PARIS IN THE SPRINGTIME. It’s a stark contrast to Mali in the Sahara Desert of Northwest Africa from where Tinariwen, the Grammy-winning band I’m here to meet, originate. It gets even weirder when you see the nomadic Tuaregs play their music – a cinematic, guitar-driven blend of traditional African folk, Arabic pop and American blues that effortlessly evokes the desert in which they have lived most of their lives – in the schizo surrounds of David Lynch’s Paris nightclub Le Silencio, as I will later. But Tinariwen are used to dealing with incongruity. They’ve been making music for over 30 years, and the lineup has spread over two generations of these nomadic tribesmen since frontman Ibrahim Ag Alhabib founded the group in 1979.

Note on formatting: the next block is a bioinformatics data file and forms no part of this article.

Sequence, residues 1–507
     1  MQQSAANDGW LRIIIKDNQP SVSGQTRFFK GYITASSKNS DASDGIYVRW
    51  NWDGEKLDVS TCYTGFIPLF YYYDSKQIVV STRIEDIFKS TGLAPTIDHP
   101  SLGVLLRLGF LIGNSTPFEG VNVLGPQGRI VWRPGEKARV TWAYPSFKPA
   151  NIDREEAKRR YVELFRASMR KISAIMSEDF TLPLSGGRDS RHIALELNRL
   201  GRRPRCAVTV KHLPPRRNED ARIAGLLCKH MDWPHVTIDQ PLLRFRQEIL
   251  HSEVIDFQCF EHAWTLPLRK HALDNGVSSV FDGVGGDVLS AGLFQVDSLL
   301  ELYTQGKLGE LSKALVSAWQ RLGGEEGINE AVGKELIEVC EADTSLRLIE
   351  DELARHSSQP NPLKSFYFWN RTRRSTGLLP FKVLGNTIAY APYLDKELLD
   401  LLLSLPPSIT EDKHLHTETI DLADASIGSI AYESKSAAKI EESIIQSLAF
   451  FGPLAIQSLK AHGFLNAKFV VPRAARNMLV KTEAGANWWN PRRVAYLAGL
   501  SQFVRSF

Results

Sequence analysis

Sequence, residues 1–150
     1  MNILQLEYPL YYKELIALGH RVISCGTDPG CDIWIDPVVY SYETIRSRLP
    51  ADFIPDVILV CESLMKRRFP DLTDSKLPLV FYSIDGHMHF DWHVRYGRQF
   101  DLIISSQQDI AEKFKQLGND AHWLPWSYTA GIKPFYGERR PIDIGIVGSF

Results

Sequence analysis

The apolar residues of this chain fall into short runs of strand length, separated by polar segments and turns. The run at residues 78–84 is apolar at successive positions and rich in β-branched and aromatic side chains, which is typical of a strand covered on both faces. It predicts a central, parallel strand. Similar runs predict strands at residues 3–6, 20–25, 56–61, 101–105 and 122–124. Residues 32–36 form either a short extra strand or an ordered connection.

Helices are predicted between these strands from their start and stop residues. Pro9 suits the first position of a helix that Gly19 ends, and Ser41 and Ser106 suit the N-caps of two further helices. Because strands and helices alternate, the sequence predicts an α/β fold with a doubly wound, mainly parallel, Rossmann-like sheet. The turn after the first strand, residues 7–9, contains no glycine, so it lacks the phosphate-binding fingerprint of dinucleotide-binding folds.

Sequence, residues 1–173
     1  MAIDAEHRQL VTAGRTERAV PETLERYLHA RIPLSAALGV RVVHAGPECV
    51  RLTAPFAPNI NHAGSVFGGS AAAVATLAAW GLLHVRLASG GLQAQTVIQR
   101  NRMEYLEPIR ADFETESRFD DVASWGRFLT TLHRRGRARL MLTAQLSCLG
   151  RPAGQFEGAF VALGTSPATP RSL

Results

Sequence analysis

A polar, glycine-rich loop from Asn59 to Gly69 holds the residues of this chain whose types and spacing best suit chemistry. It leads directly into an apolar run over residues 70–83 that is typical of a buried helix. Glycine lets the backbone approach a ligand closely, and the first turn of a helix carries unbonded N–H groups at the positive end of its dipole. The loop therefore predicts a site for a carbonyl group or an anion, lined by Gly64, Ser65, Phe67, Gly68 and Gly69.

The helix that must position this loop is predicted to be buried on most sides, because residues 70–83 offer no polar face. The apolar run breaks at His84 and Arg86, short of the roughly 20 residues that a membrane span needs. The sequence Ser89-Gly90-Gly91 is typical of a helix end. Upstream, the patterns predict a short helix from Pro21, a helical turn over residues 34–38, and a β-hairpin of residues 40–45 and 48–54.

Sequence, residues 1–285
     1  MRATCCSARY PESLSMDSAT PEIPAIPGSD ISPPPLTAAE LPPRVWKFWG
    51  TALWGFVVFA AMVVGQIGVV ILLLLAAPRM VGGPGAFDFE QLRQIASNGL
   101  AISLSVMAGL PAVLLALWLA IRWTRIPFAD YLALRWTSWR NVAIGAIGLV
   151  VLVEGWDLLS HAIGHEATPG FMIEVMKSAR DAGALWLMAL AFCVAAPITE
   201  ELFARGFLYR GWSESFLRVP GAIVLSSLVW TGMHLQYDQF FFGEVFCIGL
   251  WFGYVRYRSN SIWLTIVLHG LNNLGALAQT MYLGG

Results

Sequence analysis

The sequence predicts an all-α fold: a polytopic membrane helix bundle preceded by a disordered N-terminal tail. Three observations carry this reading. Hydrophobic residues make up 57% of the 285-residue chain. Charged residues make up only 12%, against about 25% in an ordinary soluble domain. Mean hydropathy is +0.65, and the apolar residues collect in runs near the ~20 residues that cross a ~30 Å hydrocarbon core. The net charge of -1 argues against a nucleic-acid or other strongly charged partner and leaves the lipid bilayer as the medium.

At the time, there were no instruments available for him to buy – even if he’d had the money to do so. Ag Alhabib had to improvise. “The first time I saw a movie, when I was barely four years old, the hero was a singer and guitar player. So since then I’ve been attracted to music, first by the traditional flute and then by stringed instruments that I stitched together from tins and fishing wire,” he says, from Mali. Ag Alhabib wasn’t able to make the trip to France. He’s stayed home to take care of his family and to help refugees displaced by the latest in a series of Tuareg uprisings in a struggle for independence that stretches back several decades. This most recent rebellion began in January, and has actually succeeded in establishing a pseudo-state called Azawad – the name of the region Tinariwen are from.